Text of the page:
In response to the article published in McKnight’s on September 11, 2023, titled “Profiteering by Nursing Agencies Predicted as Providers Weigh Staffing Mandate,” I feel compelled to provide an alternative point of view and defend nursing agencies, who were portrayed as profiteering hostage takers, akin to modern day pirates. This is simply inaccurate and misleading.  

As a representative of a nursing agency, we resonate with the growing apprehensions regarding the potentially adverse impacts of the proposed staffing mandate for nursing home operators. We are acutely aware that our partners are already struggling to stay afloat. And we understand that if our customers go out of business, we go out of business, too.

Nevertheless, it is critical to delineate a distinction between nursing agencies, which predominantly function as vital allies in healthcare operations, from tech-driven staffing platforms that have engaged in price inflation and monopolistic behaviors. 

Dispelling myth one: All agencies are alike

In the evolving landscape of the staffing industry, it’s crucial to differentiate between traditional staffing agencies – entities that have forged valuable partnerships with skilled nursing facilities for years – and the burgeoning tech platforms keen on market disruption rather than service. 

It is unjust to paint agencies, which often step in during crises, with the same brush as these new market entrants. The agency I founded was born out providing a service requested by skilled nursing facilities. We exist to ensure facilities have the staff they need so that residents receive the care they deserve.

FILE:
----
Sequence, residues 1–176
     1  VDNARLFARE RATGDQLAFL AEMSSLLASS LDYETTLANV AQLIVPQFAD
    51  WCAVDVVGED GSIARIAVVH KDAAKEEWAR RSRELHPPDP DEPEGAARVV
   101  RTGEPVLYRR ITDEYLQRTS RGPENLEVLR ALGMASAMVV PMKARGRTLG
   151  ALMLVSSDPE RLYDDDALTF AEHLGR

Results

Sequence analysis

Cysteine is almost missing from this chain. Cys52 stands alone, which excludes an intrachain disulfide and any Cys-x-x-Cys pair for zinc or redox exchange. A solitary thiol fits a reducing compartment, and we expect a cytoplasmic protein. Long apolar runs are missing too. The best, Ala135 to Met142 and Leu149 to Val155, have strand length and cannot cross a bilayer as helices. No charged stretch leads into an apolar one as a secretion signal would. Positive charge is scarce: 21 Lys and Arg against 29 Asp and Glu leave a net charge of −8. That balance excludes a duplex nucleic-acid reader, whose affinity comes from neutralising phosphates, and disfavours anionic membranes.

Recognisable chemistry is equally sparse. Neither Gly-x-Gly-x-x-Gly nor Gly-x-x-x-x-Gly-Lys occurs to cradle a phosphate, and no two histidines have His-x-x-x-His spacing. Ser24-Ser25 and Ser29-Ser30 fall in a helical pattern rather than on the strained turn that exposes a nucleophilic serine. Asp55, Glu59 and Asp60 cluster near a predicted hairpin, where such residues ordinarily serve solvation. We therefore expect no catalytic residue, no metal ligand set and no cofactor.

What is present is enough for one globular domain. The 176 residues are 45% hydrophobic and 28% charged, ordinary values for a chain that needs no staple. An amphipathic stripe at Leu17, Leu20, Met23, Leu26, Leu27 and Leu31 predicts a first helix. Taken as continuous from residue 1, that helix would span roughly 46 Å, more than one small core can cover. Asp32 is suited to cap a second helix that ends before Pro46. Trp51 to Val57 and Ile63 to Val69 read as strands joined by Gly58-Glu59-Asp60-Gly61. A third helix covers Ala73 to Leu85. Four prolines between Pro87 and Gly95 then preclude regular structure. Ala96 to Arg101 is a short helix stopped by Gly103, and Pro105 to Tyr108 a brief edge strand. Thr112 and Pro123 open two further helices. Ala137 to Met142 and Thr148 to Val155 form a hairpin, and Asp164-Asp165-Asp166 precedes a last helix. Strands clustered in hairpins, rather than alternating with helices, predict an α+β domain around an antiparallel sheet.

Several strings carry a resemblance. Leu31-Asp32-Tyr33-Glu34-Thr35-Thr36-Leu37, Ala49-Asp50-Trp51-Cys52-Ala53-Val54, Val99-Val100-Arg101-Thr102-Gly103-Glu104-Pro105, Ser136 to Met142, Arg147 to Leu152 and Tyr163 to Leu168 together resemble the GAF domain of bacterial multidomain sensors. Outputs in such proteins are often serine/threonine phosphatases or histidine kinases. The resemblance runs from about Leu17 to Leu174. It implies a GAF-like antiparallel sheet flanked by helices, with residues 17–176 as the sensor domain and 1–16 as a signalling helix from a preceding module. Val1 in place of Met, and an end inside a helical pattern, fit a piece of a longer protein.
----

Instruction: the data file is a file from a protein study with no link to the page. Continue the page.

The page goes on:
Our agency provides a concierge service, tailoring staffing solutions for each facility’s unique circumstance. We hold our nurses to a high level of accountability and work directly with facility decision-makers to ensure the highest level of reliability and consistency. Claiming all agencies are profiteering or jeopardize care is as misleading as saying all nursing home operators are profit-driven and cut corners on care. 

This leads us to another widespread misconception.

Dispelling myth two: The profiteering agenda of all agencies

The old adage that one “bad apple spoils the bunch” seems fitting here. 

Unfortunately, a few opportunistic players used the pandemic to upend the labor market. These tech-centric firms have developed platforms and algorithms that undermine the established trust and collaboration that has been a hallmark of staffing agencies and healthcare facilities.

Many new platforms, particularly those fueled by venture capital, adopt strategies reminiscent of companies like Uber and Lyft. We all know how these platforms upended the taxi industry and most of us have used these apps and benefited from them. It’s easy to point to the technology itself as the reason they have been so successful in capturing market share. 

But the truth is that both companies use a common Silicon Valley playbook — take a financial loss in order to gain substantial market share in the future. Then, when you control the market, you can increase the price. This is only possible with substantial financial backing. 

Many of the tech companies with staffing apps follow this blueprint. By promising higher pay and greater flexibility, they lure staff away from both operators and staffing agencies alike, intending to monopolize the labor market. 

This contrasts starkly with agencies like ours, which aim to stabilize it.

Dispelling myth three: The higher costs of agency staff

Regarding the federal staffing mandate, the McKnight’s article reports that “many facilities said they will be forced to bring in agency staff to comply, ultimately paying more to fill the same jobs. They expect agencies to continue ratcheting up pay to attract even more temporary staff, then pass those increases right back to nursing homes that rely on taxpayer funding.” 

In actuality, outside of the tech-based staffing platforms, most staffing agencies are not large enough to influence the labor market. There is so much competition in the staffing industry that most agencies are price takers, not price setters, when it comes to negotiating rates with facilities.